By publishing The Autobiography of Malcolm X, the subject provided future generations with the contextual material with which he should be considered. So an

exercise that focuses on the dressed body of Malcolm X, whose hagiographic status increased during the late twentieth century owing to extensive critical and poetic reference to him, is not to reduce his effective and affective cultural currency and political prowess to that of mere fashion icon, but it is an attempt to augment his iconic status in the presentation of another aspect of him, the dressed-Malcolm X. I argue that this aspect of Malcolm X was and is constituent to his telling-of-self, a technique he applied to produce a new self out of a life he defined as ‘a chronology of changes’ (Malcolm X 1968: 454) . Alexandra Warwick and Dani Cavallaro have declared that the analysis of an individual through dress can lead to a broader intelligent understanding of that individual:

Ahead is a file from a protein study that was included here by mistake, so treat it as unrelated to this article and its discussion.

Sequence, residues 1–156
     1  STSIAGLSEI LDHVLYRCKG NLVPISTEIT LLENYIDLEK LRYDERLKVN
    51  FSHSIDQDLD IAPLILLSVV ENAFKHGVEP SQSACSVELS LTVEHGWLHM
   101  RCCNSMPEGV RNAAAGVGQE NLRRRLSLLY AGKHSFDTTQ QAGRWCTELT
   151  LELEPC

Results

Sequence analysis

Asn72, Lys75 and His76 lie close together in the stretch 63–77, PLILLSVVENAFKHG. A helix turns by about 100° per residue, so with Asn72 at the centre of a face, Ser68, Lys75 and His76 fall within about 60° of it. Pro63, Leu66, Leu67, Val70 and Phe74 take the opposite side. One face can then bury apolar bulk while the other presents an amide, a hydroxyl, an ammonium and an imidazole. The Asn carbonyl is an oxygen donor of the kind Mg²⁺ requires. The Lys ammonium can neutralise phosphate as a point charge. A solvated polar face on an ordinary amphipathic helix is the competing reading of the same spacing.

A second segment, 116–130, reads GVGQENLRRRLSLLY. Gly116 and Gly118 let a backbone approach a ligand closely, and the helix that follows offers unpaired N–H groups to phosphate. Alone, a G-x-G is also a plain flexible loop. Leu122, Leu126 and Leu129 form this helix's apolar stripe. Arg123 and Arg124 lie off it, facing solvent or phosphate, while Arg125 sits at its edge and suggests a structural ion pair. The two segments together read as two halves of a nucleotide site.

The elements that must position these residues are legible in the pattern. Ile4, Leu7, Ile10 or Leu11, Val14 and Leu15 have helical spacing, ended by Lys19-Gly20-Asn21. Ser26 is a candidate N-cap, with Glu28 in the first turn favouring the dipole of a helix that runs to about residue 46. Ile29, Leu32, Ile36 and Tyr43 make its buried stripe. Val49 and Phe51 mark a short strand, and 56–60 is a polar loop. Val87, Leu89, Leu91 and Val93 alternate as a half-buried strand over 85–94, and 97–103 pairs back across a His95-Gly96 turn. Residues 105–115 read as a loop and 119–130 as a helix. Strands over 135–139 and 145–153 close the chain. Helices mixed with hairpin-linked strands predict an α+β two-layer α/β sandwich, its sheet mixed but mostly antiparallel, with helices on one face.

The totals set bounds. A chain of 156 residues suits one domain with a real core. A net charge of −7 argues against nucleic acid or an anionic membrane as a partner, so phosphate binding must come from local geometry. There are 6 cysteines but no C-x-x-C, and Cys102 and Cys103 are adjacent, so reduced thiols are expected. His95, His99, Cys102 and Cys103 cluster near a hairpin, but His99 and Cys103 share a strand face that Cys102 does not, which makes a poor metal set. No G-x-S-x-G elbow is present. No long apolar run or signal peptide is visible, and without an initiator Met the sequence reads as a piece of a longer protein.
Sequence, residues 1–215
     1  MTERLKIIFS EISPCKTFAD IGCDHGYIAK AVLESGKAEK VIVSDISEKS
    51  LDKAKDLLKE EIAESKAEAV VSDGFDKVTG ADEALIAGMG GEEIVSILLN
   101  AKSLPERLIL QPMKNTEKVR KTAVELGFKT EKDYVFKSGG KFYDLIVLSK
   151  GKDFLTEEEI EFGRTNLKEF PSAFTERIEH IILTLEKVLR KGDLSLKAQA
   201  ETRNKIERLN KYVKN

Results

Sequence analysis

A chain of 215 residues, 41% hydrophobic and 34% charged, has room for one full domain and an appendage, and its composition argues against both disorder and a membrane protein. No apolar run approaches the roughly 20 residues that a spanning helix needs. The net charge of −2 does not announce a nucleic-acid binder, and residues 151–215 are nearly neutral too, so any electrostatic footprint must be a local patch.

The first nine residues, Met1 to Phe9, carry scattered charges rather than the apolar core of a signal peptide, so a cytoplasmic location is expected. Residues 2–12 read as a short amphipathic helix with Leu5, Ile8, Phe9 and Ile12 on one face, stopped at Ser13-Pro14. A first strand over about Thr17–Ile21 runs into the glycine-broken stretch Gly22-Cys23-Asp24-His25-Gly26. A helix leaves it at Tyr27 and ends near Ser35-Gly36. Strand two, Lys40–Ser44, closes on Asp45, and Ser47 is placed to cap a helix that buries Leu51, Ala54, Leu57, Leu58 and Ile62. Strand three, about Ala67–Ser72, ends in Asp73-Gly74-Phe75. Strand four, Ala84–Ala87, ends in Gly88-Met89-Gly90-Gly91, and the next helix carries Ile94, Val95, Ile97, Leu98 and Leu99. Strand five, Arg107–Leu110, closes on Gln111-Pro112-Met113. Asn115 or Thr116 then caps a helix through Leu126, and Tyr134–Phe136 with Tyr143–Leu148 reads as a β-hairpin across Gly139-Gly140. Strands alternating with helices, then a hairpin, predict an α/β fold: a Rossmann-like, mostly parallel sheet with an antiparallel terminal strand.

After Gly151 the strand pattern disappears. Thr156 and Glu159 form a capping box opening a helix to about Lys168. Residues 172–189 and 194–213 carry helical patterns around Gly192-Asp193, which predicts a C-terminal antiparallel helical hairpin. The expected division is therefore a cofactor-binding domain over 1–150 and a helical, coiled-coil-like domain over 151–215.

[I]t could be argued that it is only by analysing the superficial language of dress that one may arrive at certain, albeit provisional, conclusions regarding both singular and group identities. Ignoring the surface would leave us with no hints as to the cultural and psychological significance of a sign system which is by definition superficial and whose depth lies precisely on the surface . . . Dress, in this respect, is a manifestation of the unconscious at work, in that it is a superficial phenomenon, like symbolic language, which, also like language, speaks volumes about submerged dimensions of experience. Clothing, then, does not just operate as a disguising or concealing strategy. In fact, it could be regarded as a deep surface, a manifestation of the ‘unconscious’ as a facet of existence which cannot be relegated to the psyche’s innermost hidden depths but actually expresses itself through apparently superficial activities.